those oysters from lilliwaup






april come, she will, when streams are ripe and swelled with rain. and yes, it is the last month of the Rs. and the skokomish river is at perfect temperature to fall to the hood canal. which makes those oysters at hamma-hamma at their most succulent, gently briny, easy to slurp.
we have driven up there often. once you leave I-5 and get on rt.101, heading north, the ride becomes ever more scenic and lush. the hood canal to your right, the road seems to touch the shore at times, the view north is endless, even on a clear day. it's a long drive, two hours on the main north highway and another hour plus after olympia, likely more, if you have a license plate says "retired" in front of you, a like stratocruise camper doodling on. 
i didn't feel like hammering the pike up and back simply to get yearling oysters for a stew, so i called them and sure enough, they said yes, we'd 'UPS' them for next day and funny enough the cost would be less than my lovely lola takes supping on diesel. we'll shuck'em right before sending your order down, they'll be as fresh, well, almost, as if you'd shucked them yourself. so they arrived at my kitchen this late afternoon, and soon as i done the box cutter thing, they were set to slip into a broth prepped in advance for the happy event.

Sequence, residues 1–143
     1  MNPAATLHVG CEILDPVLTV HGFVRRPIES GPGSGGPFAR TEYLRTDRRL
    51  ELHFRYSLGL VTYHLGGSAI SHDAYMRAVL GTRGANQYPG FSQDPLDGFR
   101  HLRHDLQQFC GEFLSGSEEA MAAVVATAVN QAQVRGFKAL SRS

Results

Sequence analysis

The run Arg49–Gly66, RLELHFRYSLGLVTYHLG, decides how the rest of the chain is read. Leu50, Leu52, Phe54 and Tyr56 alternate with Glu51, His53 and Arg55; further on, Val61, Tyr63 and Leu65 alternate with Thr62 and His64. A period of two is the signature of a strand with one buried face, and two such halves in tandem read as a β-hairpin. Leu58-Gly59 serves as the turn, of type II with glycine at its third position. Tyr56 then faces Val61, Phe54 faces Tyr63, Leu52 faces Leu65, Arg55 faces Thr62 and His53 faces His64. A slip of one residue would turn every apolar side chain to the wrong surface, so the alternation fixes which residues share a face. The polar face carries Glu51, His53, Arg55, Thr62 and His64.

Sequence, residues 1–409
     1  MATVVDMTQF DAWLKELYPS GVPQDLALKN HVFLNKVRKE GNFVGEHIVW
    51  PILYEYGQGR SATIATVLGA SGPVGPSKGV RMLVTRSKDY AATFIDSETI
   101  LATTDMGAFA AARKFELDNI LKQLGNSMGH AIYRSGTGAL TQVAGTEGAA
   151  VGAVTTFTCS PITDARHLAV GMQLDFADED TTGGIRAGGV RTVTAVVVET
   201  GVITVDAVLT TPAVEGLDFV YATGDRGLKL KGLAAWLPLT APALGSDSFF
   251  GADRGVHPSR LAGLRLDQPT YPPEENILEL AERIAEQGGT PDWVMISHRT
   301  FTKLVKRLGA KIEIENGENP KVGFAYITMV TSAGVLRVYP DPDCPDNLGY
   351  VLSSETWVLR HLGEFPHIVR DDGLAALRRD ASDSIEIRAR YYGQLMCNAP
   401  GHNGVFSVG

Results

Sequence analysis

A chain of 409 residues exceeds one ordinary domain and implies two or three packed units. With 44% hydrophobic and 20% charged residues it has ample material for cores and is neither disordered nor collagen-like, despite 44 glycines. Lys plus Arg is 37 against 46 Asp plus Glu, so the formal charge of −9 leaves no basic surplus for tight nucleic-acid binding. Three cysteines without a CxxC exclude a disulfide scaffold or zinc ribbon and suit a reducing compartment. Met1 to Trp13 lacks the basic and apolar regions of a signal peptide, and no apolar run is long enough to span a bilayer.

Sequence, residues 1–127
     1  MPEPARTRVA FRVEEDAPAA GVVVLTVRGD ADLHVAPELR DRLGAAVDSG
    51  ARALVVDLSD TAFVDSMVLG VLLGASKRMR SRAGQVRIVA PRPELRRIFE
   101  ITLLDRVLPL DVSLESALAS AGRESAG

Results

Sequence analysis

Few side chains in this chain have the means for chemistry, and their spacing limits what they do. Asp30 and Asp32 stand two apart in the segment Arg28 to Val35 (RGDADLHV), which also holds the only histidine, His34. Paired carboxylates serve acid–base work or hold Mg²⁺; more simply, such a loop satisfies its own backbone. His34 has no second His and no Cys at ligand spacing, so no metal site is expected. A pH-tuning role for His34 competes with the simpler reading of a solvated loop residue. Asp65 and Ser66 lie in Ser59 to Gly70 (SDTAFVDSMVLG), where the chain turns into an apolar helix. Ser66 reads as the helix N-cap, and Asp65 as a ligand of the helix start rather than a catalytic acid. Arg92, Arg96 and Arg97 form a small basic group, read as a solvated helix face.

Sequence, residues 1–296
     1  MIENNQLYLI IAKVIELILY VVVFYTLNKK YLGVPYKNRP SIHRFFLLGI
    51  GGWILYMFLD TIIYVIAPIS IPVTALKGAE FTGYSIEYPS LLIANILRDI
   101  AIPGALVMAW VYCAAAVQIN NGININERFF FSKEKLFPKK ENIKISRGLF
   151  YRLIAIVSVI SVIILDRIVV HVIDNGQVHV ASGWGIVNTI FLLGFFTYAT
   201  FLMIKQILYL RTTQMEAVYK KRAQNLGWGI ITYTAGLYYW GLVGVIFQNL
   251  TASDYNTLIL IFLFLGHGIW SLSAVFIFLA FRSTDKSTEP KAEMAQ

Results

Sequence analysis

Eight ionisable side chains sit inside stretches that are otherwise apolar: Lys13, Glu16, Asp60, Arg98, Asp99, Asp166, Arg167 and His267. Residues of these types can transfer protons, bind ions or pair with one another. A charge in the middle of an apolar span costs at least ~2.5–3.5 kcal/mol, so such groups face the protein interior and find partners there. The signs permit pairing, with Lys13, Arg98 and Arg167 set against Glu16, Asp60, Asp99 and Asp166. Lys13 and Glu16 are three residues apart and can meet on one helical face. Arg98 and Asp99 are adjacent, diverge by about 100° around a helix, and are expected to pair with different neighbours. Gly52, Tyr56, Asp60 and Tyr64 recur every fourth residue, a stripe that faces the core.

the broth: oh, easy: crème fraîche, a jigger of sake, thyme and tarragon, a generous grinding of pepper, for alternative texture, the smallest of new seed potatoes, happily steamed, and toward the end crunchy sea salt, and their oyster's liquid, all at a supple simmer and done, as the oysters slid into their rapture. hence those yearlings had scantily time to be cooked, which is the way i think such a stew ought to be served. and it was. much to applause, and a full tender belly, as it was, barely enough to serve two. 

i did attempt an image. though i know a picture is worth the trembling of a thousand tongues, i have to beg off. i could have, should have, even would have taken the pan to the light, alas, the scent of the stew was too much, the spoon way too ready and above tongues trembled indeed, if for the aroma, the taste and the penchant of the endeavor.